Government debt—more than meets the eye

Printer-friendly version
Appeared in the Financial Post, February 17, 2016

Budget season is nigh. Provincial governments across Canada will soon table their budgets, with headlines focused on the operating budget balance—whether the government runs a deficit or surplus. But government debt can grow under the radar due to the critical distinction between an operating budget and a capital budget.

When we hear a government will incur a deficit, this reference is often to the operating budget—the difference between the annual revenue the government collects and the money it spends on day-to-day expenses such as the salaries and pensions of government employees. This number attracts most of the attention.

But when a government borrows to pay for capital spending (building roads, schools, hospitals), it typically records only the annual interest payments and amortization expense in the operating budget. The capital budget is where the province borrows money to pay for its long-term infrastructure spending.

While this accounting process helps spread the cost over many years, it can disguise the amount of money governments add to their debt burden in a particular year. Ultimately, governments can add more debt to their books for capital projects than the operating deficit announced in the budget.

The chart below compares the planned operating deficits for several provinces to the change in each government’s net financial position. Net financial position is a measure used by governments to track the net change in financial assets and debt on a regular basis. It’s often referred to as “net debt.” The chart presents the latest government projections for the 2015/16 fiscal year. (Saskatchewan, Nova Scotia and P.E.I. are excluded due to a lack of up-to-date information on the projected change in net financial position.)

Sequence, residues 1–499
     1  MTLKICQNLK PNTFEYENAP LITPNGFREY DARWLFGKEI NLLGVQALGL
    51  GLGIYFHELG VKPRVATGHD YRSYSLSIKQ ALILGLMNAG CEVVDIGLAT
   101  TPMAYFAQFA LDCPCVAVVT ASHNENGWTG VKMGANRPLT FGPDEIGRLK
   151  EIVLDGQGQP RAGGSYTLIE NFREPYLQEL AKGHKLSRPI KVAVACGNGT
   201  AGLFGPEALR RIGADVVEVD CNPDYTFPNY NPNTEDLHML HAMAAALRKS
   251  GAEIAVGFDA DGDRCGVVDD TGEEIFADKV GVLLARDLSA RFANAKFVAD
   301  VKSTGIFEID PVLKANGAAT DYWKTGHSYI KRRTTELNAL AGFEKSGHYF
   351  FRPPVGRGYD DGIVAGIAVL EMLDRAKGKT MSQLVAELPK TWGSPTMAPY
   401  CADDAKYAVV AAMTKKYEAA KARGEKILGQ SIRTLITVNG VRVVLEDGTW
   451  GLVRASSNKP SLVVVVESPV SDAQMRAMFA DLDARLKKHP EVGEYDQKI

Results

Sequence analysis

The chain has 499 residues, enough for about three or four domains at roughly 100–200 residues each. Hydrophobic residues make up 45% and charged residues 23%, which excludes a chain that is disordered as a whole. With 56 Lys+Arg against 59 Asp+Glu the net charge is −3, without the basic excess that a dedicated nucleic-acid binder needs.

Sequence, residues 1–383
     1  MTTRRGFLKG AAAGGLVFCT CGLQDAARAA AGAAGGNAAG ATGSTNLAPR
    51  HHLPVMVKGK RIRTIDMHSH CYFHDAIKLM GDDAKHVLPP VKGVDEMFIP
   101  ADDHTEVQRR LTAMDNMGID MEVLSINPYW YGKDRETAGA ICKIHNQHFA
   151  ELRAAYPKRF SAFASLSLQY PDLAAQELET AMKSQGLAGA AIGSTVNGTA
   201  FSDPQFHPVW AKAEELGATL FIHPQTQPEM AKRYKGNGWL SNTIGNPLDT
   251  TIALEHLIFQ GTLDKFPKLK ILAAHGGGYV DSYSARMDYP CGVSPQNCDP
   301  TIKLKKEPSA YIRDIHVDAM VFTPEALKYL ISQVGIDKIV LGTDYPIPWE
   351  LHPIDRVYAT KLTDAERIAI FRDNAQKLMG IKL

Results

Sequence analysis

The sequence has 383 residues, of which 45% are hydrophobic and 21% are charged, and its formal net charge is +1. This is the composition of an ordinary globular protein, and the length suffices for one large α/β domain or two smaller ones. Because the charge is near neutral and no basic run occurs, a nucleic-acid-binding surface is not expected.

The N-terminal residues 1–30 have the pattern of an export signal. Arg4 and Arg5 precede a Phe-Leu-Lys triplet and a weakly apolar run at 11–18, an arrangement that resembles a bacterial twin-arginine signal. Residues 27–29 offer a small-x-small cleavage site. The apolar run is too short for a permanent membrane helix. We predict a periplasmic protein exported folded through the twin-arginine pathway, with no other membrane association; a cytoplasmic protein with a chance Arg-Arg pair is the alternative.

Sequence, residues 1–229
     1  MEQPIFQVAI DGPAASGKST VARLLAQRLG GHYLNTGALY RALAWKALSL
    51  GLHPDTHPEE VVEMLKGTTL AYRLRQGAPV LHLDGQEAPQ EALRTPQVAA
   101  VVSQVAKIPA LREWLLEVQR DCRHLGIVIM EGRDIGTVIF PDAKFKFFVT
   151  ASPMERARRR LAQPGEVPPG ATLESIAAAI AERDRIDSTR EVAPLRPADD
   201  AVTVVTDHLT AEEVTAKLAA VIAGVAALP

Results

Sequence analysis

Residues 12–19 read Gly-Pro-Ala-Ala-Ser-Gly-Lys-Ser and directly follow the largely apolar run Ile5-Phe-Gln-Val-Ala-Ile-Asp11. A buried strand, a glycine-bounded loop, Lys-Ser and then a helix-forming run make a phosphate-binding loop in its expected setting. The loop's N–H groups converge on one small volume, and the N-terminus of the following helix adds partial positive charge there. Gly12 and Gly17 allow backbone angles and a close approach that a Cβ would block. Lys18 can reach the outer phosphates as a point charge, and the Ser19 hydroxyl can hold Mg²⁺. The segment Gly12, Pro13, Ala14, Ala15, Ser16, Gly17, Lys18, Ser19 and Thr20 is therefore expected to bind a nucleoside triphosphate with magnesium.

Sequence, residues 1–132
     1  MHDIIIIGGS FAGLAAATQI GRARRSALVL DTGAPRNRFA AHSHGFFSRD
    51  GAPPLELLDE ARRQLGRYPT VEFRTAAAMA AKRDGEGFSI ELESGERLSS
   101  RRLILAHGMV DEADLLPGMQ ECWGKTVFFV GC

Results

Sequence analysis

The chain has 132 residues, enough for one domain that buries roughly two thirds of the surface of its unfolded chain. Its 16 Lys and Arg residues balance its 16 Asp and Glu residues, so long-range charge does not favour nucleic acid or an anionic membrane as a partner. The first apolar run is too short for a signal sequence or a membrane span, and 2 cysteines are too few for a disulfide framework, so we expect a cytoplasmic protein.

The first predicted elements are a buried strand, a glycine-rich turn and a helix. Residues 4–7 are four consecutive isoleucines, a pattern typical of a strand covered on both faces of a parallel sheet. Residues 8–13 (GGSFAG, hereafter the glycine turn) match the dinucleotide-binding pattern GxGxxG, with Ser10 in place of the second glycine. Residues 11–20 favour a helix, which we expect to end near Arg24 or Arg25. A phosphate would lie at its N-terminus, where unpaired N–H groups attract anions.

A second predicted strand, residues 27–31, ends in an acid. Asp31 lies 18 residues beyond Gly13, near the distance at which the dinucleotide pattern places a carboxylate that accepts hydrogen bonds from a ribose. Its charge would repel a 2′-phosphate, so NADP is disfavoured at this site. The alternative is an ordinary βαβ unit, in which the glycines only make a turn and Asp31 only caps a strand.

debt under radar chart

For every province included in the chart, a gap exists between the operating deficit and the change in net financial position. The difference is proportionally largest in Manitoba, where the $2.0 billion deterioration in the financial position is three and a half times the government’s $550 million projected operating deficit.

Consider the situations in Ontario and Alberta—two provinces with ambitious multi-year capital plans. The Ontario government has committed to spend more than $130 billion over 10 years while the Alberta government plans to spend $34 billion over five.

In Ontario, the projected operating deficit for 2015/16 is $7.5 billion but the change in net financial position is $13.7 billion—a difference of 83 per cent. A key reason the net financial position of the province worsens by more than the announced $7.5 billion deficit is that capital spending is being financed by debt. In Alberta, the difference between the government’s projected operating budget deficit ($6.1 billion) and change in net financial position ($9.7 billion) is 58 per cent.

British Columbia and Quebec stand out as the only provinces expecting balanced budgets this year. Despite this, both governments project an increase in net debt (again, in part because of debt financed capital spending). B.C.’s net debt is projected to increase by $1.7 billion despite a $277 million surplus while Quebec’s is projected to increase by $2.6 billion despite a balanced budget.

With budget season on the horizon, the headlines may mask the magnitude of growth in government debt, which has both short- and long-term consequences. The true state of government finances is likely gloomier than what the headlines suggest.

Subscribe to the Fraser Institute

Get the latest news from the Fraser Institute on the latest research studies, news and events.